Police in New Delhi say they have filed a complaint against a suspended spokeswoman for India’s governing party for “inciting people on divisive lines”, days after her disparaging remarks on Prophet Muhammad led to a diplomatic backlash.
Many Muslim-majority countries have condemned India after Nupur Sharma, who belongs to Prime Minister Narendra Modi’s Bharatiya Janata Party (BJP), commented on the Prophet during a recent TV debate last week.
The Delhi Police on Thursday said they had registered two preliminary complaints – known as first information reports or FIRs – on the basis “of social media analysis against those trying to disrupt public tranquility and inciting people on divisive lines”.
“One pertains to Ms Nupur Sharma and the other against multiple social media entities,” the police said on Twitter, without specifying what posts triggered the complaint and what were the entities.
Indian media reports said Naveen Kumar Jindal, who headed the BJP’s media cell in New Delhi before he was expelled by the party for his anti-Islam tweets, has also been booked by the police.
The others against whom FIRs have been filed include journalist Saba Naqvi and hardline Hindu priest Yati Narsinghanand Saraswati in cases related to “spreading hate” on social media, reports said.
In India, the filing of a complaint is the first process in any police investigation and is typically followed by questioning of the accused.
“Even as notices are being sent to social media intermediaries for details of those behind these accounts/entities, #DelhiPolice appeals to everyone to desist from posting anything that may disrupt social and communal harmony,” Delhi Police tweeted.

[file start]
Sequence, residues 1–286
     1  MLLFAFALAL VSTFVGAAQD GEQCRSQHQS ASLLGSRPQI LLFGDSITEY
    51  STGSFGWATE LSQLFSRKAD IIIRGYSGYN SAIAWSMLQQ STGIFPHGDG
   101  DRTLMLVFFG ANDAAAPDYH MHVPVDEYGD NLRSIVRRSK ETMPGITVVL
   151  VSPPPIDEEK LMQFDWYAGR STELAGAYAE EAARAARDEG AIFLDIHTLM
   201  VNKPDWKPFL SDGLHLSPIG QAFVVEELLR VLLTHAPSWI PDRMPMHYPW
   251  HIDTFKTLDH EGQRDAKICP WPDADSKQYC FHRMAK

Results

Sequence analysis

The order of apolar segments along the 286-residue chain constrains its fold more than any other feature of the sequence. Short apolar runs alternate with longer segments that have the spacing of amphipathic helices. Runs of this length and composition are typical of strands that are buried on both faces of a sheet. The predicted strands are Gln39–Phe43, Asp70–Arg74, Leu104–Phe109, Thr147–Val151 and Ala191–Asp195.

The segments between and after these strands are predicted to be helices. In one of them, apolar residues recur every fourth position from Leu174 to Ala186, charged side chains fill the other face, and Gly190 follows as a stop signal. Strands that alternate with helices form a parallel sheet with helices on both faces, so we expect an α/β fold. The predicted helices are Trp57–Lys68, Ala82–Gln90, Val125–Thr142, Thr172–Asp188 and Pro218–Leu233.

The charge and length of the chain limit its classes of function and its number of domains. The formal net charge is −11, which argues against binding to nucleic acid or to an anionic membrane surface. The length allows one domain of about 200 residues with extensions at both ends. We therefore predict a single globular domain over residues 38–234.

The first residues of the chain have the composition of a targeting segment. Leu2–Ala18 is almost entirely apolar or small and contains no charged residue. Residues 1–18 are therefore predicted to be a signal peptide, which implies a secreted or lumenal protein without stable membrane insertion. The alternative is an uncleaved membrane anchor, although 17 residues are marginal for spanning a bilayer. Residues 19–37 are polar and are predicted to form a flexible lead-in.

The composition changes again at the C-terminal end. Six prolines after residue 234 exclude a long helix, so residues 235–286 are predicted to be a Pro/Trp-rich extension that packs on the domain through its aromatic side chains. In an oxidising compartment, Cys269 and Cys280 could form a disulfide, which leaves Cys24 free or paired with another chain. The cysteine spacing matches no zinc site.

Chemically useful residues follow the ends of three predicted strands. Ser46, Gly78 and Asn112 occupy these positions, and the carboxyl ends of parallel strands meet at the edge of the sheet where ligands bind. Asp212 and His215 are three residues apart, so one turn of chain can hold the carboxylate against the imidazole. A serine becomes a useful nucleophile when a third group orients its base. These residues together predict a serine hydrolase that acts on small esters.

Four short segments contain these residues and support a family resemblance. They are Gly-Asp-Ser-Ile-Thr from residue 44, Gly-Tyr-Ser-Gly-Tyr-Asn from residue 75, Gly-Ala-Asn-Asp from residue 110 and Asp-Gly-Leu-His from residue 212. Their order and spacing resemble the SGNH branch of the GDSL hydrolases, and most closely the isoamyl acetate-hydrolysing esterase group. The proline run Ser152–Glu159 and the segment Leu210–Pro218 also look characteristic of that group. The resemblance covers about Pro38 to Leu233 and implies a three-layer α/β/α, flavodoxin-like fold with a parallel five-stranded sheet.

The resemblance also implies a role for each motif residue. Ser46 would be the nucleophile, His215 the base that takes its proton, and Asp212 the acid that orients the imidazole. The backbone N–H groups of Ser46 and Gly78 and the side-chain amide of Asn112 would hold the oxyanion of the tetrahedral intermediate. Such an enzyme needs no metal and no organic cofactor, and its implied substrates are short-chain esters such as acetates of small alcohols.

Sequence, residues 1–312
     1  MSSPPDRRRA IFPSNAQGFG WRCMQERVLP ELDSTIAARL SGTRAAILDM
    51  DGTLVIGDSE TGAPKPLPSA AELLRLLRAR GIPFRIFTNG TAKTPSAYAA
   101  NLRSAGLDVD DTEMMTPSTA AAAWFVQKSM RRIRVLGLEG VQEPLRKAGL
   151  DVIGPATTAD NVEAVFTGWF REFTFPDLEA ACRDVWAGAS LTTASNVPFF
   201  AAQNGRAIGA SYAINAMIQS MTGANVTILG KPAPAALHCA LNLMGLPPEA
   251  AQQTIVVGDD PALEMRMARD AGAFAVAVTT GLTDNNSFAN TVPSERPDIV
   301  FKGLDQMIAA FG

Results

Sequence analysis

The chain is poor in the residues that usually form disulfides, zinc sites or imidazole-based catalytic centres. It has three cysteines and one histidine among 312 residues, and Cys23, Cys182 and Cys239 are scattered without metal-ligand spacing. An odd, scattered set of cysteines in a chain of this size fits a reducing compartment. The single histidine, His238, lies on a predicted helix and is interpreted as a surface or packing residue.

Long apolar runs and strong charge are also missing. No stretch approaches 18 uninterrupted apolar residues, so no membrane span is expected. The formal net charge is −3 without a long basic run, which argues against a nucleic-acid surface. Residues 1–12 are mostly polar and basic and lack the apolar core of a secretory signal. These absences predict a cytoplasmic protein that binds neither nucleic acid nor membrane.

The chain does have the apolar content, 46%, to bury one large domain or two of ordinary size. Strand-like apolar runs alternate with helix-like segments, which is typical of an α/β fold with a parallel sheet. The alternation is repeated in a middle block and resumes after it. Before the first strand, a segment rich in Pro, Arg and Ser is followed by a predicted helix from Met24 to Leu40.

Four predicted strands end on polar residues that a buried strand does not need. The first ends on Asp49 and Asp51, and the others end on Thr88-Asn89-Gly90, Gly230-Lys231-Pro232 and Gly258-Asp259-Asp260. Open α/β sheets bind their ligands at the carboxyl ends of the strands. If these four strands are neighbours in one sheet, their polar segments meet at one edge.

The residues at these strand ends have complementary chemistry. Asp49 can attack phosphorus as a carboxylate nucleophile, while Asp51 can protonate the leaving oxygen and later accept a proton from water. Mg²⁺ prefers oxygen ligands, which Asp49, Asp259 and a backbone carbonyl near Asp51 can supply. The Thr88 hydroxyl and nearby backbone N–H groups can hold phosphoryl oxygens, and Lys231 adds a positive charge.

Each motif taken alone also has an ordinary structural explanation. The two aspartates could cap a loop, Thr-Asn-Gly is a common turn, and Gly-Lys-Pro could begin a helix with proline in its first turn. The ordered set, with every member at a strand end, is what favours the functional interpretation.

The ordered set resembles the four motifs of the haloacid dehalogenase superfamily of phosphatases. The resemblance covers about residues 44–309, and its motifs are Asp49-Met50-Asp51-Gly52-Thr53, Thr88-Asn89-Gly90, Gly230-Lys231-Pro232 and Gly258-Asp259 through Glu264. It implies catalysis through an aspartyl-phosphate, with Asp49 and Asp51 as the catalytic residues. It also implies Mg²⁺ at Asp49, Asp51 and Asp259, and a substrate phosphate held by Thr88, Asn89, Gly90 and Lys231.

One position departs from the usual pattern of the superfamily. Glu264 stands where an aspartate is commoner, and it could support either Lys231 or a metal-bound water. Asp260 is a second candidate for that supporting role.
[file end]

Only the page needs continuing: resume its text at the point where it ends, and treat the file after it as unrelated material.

Al-Qaeda issues threats: Indian media
India on Wednesday also tightened public security in some cities after the circulation of a purported letter warning of attacks to avenge derogatory remarks about the prophet by Sharma.
Several Indian media groups shared a June 6 letter attributed to an al-Qaeda’s branch in the Indian subcontinent (AQIS), in which threats were made to carry out suicide bombings in Indian states to “defend the honour” of the prophet.
A federal home ministry official said intelligence agencies were checking the authenticity of the threats issued by AQIS, the Reuters news agency reported.
“We have also ordered state police to ensure public gatherings or protests are not allowed as they could be targeted by the militant group,” said a senior home ministry official in New Delhi, according to Reuters.
Meanwhile, calls have grown for a boycott of Indian products in Gulf countries over Sharma’s remarks while a religious-cum-political party in Pakistan, Jamaat-e-Islami, has called for a protest march to the Indian embassy in Islamabad later on Thursday.
India’s foreign ministry said on Monday the offensive comments and tweets did not in any way reflect the government’s views.
The right-wing BJP also asked its spokespeople to be “extremely cautious” when talking about religion in TV debates or on public platforms.
Outrage in India gained fresh momentum after leaders of several Muslim nations, including Qatar, Saudi Arabia, the United Arab Emirates, Oman, Indonesia, Malaysia, Pakistan, Iran and Afghanistan, demanded apologies from New Delhi and summoned diplomats to protest against the remarks.
The influential 57-member Organisation of Islamic Cooperation (OIC) said in a statement that the insults came in the context of an increasingly intense atmosphere of hatred towards Islam in India and systematic harassment of Muslims.
The new controversy has become a diplomatic challenge for Modi who in recent years has cemented strong relations with energy-rich Gulf nations.